Objectives: To evaluate physical function and return to independence of geriatric trauma patients, to compare physical function outcomes of geriatric patients who sustained high-energy trauma with that of those who sustained low-energy trauma, and to identify predictors of physical function outcomes.
Setting: Urban Level I trauma center.
Patients: Study group of 216 patients with high-energy trauma and comparison group of 117 patients with low-energy trauma.
Intervention: Injury mechanism (high- vs. low-energy mechanism).
Main outcome measurement: Patient-Reported Outcomes Measurement Information System Physical Function (PROMIS PF) patient-reported outcome measure, and change in living situation and mobility.
Results: Physical function outcomes and return to independence differed between patients with high-energy and low-energy injuries. High-energy geriatric trauma patients had significantly higher PROMIS PF scores compared with low-energy geriatric trauma patients (PROMIS PF score 42.2 ± 10.4 vs. 24.6 ± 10.4, P < 0.001). High-energy geriatric trauma patients were able to ambulate outdoors without an assistive device in 67% of cases and were living independently 74% of the time in comparison with 28% and 45% of low-energy geriatric trauma patients, respectively (P < 0.001, P < 0.001). Multivariate linear regression analysis demonstrated that low-energy mechanism injury was independently associated with a 13.2 point reduction in PROMIS PF score (P < 0.001).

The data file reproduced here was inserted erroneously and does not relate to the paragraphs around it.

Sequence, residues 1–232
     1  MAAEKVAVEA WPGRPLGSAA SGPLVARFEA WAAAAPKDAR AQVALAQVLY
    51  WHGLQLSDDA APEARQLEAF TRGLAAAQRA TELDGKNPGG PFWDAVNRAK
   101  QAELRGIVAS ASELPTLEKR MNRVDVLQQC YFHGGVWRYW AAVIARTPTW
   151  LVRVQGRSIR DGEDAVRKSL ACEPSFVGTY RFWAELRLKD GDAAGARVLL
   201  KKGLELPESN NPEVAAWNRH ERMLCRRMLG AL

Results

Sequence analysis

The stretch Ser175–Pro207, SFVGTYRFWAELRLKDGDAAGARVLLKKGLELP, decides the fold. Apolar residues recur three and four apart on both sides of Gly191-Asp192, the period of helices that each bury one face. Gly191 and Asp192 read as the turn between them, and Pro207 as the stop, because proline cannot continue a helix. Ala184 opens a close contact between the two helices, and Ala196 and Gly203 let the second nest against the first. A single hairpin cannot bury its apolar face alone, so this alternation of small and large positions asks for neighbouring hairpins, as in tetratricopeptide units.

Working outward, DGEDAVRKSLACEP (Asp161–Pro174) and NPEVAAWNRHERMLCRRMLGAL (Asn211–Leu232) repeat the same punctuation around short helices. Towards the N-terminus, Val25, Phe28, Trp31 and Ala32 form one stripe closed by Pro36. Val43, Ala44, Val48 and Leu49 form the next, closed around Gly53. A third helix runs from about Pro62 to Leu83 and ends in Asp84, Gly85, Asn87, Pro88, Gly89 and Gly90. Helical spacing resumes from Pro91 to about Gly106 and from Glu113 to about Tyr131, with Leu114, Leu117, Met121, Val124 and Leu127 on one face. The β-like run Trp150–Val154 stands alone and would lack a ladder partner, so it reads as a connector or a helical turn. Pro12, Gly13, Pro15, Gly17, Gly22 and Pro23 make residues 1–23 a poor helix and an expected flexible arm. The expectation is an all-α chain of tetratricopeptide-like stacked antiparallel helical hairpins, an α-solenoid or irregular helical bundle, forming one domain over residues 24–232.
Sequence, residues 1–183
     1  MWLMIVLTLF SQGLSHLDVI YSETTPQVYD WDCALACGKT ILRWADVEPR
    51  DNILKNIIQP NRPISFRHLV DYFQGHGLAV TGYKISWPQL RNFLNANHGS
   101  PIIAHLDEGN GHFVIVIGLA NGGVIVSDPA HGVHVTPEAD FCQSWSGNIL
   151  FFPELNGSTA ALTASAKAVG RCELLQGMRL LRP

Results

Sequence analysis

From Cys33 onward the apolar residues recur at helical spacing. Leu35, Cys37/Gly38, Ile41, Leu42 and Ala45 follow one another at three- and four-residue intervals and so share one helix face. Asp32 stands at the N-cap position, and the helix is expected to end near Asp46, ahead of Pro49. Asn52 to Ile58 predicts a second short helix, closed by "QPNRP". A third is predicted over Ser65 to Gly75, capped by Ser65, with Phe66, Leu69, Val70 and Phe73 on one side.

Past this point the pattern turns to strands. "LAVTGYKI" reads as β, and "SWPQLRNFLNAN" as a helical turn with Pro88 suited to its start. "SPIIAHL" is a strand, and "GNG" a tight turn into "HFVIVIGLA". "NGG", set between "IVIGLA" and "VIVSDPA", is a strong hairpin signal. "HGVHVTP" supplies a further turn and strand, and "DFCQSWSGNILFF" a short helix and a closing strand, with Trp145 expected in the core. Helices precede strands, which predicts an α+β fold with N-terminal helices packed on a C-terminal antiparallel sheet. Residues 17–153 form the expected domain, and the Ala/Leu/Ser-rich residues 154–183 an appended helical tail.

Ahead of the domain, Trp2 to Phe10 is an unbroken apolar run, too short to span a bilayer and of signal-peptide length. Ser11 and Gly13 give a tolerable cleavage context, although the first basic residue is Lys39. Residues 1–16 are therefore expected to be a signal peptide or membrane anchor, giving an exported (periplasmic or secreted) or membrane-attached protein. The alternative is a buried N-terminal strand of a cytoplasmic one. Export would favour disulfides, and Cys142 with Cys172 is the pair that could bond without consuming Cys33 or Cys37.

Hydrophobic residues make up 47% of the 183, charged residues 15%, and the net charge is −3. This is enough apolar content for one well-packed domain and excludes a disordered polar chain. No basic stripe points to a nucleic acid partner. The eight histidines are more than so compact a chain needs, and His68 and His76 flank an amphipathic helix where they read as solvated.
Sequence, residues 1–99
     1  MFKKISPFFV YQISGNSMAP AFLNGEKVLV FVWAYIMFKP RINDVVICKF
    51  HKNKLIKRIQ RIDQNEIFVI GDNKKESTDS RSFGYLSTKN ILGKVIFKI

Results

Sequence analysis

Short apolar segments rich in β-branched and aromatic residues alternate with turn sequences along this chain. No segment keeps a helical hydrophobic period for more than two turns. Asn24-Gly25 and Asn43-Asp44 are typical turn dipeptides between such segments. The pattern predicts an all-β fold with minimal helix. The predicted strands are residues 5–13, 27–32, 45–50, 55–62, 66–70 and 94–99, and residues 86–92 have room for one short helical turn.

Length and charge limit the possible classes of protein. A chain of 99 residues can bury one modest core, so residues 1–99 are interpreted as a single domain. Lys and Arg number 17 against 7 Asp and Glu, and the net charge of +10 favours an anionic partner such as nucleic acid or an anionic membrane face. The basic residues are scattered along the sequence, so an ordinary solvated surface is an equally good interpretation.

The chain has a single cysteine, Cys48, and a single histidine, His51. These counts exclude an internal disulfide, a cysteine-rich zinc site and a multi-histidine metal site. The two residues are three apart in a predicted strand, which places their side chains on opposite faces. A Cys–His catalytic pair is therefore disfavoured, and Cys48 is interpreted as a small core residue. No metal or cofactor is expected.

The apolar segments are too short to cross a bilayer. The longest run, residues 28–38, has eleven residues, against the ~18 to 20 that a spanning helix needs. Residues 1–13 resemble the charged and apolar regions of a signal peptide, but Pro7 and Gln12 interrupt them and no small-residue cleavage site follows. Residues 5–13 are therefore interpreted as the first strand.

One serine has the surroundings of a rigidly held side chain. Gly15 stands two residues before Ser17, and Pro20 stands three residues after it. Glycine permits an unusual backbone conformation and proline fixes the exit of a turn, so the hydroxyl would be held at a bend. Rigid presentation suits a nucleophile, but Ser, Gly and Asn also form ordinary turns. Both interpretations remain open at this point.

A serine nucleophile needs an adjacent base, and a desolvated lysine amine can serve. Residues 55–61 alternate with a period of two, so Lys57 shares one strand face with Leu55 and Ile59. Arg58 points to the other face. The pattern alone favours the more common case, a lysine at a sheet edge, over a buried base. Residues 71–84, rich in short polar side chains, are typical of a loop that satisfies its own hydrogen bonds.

Conclusions: Geriatric patients greater than 1 year out from sustaining a high-energy traumatic injury seem to be functioning within the expected range for their age, whereas low-energy trauma patients seem to be functioning substantially worse than both age-adjusted norms and their high-energy cohorts.
Level of evidence: Prognostic Level III. See Instructions for Authors for a complete description of levels of evidence.